A New Approach Financial Planning
Why everyone needs to own bonds - 12/6/2016
Everyone should own bonds or bond-like investments, though you might ask why would anyone want to own bonds at this time. Interest rates are going up and the math says the financial value of bonds will decrease. The value in owning bonds is not just for the known rate of income but also to provide a less-volatile rate of return and to provide stability to a portfolio. Providing stability and helping us deal with our instinctual desire to make the wrong moves at the wrong times may have the most value for investors.
If you are looking to your portfolio to provide income, bonds are a tough place to be these days. Yields are very low on high-credit quality bonds and you can receive more income from equity investments in the form of company stock dividends, Real Estate Investment Trust (REIT) or Master Limited Partnership (MLP) distributions. Higher yields are available on lower quality bonds, though these have volatility risks similar to equities.
So why own bonds? Despite our best efforts, no one knows when, how much or how fast interest rates will increase. These all have a great impact on the change in bond
values. If rates increase gradually, such that economic activity and other markets adjust, there is limited impact on a diversified portfolio. You can also reduce the impact by owning bonds in sectors that are less likely to be impacted by rate changes. These include financially strong municipalities, sectors that are out of favor or those with improving credit quality. Bonds with shorter duration, shorter term to maturity or higher coupon rates also are less affected by interest-rate changes.
Bonds, or bond-like investments, can provide stability to your portfolio, which may keep you from selling or buying at the wrong time. What if the stock market slides? From 2007-09, the all-stock S&P 500 went down 50 percent and took 35 months to recover its previous value. A 60/40 portfolio made up of the S&P 500 and U.S. Aggregate Bonds went down 32 percent and took 20 months to recover. The lesser portfolio value drop might have kept you invested and benefiting from the current run up. If you look at the risk taken to the returns achieved, having a more-stable portfolio comes out ahead. You can use the Sharpe Ratio or the Sortino Ratio to evaluate the returns for the risks taken.
All investors have some level of risk where they are comfortable. Beyond that, they will tend to make irrational decisions. You can design portfolios to match risk profile and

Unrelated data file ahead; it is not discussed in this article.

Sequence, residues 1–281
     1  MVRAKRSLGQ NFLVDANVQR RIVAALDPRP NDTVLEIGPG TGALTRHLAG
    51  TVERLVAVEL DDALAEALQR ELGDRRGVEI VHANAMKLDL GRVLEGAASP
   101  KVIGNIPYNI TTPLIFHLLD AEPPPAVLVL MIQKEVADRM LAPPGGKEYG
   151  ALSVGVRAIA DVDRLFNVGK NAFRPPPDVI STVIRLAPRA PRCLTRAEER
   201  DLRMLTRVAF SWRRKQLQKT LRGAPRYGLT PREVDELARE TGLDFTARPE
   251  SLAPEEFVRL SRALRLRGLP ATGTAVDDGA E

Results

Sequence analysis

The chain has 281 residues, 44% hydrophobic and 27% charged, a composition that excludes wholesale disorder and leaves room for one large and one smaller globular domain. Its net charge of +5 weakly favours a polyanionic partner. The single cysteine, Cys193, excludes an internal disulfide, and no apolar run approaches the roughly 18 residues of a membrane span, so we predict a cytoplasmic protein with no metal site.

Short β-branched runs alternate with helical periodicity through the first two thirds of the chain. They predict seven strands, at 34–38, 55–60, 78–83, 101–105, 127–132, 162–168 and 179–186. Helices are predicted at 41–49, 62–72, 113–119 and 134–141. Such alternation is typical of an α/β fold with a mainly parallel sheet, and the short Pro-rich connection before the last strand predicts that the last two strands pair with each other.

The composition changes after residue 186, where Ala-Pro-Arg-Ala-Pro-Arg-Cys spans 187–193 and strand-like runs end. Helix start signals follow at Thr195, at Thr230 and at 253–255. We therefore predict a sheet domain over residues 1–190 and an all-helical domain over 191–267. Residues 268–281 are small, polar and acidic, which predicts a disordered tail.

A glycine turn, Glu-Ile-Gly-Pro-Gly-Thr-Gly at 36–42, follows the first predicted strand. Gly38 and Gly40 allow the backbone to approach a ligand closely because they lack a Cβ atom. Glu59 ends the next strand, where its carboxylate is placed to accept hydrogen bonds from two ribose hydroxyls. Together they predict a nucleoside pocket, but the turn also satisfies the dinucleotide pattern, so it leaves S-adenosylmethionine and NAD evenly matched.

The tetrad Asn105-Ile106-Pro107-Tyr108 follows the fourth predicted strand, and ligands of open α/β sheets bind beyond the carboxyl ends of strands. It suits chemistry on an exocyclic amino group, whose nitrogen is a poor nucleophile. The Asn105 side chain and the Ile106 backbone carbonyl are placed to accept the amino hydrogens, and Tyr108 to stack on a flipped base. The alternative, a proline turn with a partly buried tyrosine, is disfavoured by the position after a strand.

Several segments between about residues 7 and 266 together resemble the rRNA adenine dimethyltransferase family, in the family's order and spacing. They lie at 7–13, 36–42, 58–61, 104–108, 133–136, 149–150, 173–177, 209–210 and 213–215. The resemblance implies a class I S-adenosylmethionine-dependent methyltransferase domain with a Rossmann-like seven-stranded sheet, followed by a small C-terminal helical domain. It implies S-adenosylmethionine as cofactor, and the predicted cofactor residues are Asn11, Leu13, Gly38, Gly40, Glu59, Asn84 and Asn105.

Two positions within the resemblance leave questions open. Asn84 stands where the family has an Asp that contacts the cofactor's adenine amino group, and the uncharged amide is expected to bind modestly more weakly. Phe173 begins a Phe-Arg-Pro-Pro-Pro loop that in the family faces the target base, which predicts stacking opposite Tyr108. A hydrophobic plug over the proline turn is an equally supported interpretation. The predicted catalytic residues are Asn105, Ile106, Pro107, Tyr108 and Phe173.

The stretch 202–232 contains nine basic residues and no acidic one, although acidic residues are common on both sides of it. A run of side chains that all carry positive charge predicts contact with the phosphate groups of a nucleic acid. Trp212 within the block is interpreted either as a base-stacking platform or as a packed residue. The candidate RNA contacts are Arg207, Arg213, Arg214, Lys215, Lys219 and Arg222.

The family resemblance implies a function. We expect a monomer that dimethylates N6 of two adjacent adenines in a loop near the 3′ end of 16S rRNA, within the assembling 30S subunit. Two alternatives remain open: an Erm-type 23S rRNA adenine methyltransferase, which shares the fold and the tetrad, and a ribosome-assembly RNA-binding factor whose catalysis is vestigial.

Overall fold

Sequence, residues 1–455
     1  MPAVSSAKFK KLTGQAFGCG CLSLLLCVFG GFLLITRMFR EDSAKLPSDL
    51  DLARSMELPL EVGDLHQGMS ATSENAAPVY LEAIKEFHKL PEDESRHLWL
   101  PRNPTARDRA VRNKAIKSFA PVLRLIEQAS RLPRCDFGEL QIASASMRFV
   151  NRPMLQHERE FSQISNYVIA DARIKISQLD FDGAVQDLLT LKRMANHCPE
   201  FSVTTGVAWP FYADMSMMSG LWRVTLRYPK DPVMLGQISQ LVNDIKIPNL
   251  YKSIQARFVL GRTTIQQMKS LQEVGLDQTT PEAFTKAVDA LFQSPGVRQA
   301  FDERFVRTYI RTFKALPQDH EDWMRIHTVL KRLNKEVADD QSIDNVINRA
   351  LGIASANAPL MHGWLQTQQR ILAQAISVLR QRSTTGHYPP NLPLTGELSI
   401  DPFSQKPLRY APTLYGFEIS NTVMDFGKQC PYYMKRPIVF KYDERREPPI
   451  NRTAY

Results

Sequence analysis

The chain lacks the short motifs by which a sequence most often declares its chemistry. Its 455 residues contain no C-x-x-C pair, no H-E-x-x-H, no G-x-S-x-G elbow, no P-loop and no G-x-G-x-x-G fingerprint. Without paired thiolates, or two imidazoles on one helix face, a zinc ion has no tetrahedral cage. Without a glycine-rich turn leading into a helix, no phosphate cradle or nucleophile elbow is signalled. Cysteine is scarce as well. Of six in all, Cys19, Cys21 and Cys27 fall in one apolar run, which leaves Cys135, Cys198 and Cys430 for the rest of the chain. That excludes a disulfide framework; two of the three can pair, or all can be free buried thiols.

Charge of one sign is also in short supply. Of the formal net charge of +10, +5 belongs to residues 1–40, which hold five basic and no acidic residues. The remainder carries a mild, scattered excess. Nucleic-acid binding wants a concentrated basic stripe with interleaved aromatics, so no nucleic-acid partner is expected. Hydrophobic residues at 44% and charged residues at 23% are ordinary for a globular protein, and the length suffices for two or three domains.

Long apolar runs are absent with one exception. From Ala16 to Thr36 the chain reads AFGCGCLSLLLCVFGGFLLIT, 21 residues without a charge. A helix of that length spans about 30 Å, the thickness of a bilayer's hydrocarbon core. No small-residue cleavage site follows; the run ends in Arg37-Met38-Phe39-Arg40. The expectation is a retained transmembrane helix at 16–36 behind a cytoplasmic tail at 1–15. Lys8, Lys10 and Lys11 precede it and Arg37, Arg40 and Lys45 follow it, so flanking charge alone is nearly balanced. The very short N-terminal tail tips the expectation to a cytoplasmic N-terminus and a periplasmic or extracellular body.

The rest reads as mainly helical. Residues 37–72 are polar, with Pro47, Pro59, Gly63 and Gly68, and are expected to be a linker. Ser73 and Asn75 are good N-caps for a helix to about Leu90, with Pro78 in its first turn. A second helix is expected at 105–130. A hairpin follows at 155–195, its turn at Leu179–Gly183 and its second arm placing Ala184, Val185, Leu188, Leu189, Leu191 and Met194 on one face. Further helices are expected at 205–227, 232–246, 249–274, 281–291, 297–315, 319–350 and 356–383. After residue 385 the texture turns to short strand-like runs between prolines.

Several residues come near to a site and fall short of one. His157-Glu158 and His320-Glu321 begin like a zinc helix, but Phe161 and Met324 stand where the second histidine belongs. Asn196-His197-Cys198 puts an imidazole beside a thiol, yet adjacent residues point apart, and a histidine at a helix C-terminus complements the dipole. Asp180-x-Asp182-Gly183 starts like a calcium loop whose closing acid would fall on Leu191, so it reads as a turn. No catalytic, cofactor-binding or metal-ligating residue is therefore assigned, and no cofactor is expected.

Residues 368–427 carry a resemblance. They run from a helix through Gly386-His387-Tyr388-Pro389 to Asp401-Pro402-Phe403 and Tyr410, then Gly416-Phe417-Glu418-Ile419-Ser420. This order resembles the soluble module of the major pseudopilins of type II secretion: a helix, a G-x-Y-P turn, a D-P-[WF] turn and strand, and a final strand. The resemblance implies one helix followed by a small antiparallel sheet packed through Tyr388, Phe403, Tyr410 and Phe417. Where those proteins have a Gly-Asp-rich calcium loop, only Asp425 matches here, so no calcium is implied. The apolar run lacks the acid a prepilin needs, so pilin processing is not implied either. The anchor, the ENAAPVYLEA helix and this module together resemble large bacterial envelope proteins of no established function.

remain on your long-term plan. Bonds and other moderating, non-correlated investments can help achieve this goal. The wise investor knows their limitations, time horizon, financial ability to take on risks and “gut check” risk tolerance, and stays within their profile. Even those with long-time horizons and ability to take higher risks can benefit by owning some classes of bonds. For these investors, high-yield bonds may fit well in higher-risk portfolios. For those looking for a more-secure portfolio, higher-quality bonds can provide reduced risk as your principal is safer.
What are some non-bond options that can achieve the same goals? There are a number of alternative investments or strategies that can help reduce portfolio risk while not being
as impacted by interest-rate changes. Floating rate bonds adjust to interest-rate changes similar to an adjustable-rate mortgage. They are generally lower credit quality, so you are trading one risk for another. REITs and MLPs offer higher yields since the distributions are only taxed once. However, they are equities and the industries are leveraged and influenced by interest rates. A merger and acquisition investment strategy can be owned in a mutual-fund format and offers bond-like returns and volatility. Other alternatives that might replace bonds include market-neutral, long-short managed futures or funds using a mix of these strategies. More recently, these strategies have become available in easier-to-access formats such as mutual funds or exchange-traded funds. Previously you had to use hedge funds, locked up or higher investments. This does not mean that everyone should use them in place of bonds. Costs tend to be higher than traditional investments and they all have risks.
For many investors, the reason to own bonds is to provide portfolio stability and help stay with your plan. They provide a way to lower overall risk and increase your risk adjusted
return. Choosing the proper amount to allocate to bonds means understanding your ability to take on risk and your time horizon. There are alternative investments that can be used in conjunction with bonds to provide the same benefits without some of the risks associated with bonds. When choosing investments, make sure you understand the pluses and minuses of each, and how they interact with your other investments.
Tom Roberts, CFP® is President and financial planner with A New Approach Financial Planning in Lakewood Ranch. He can be reached at 941-927-9590.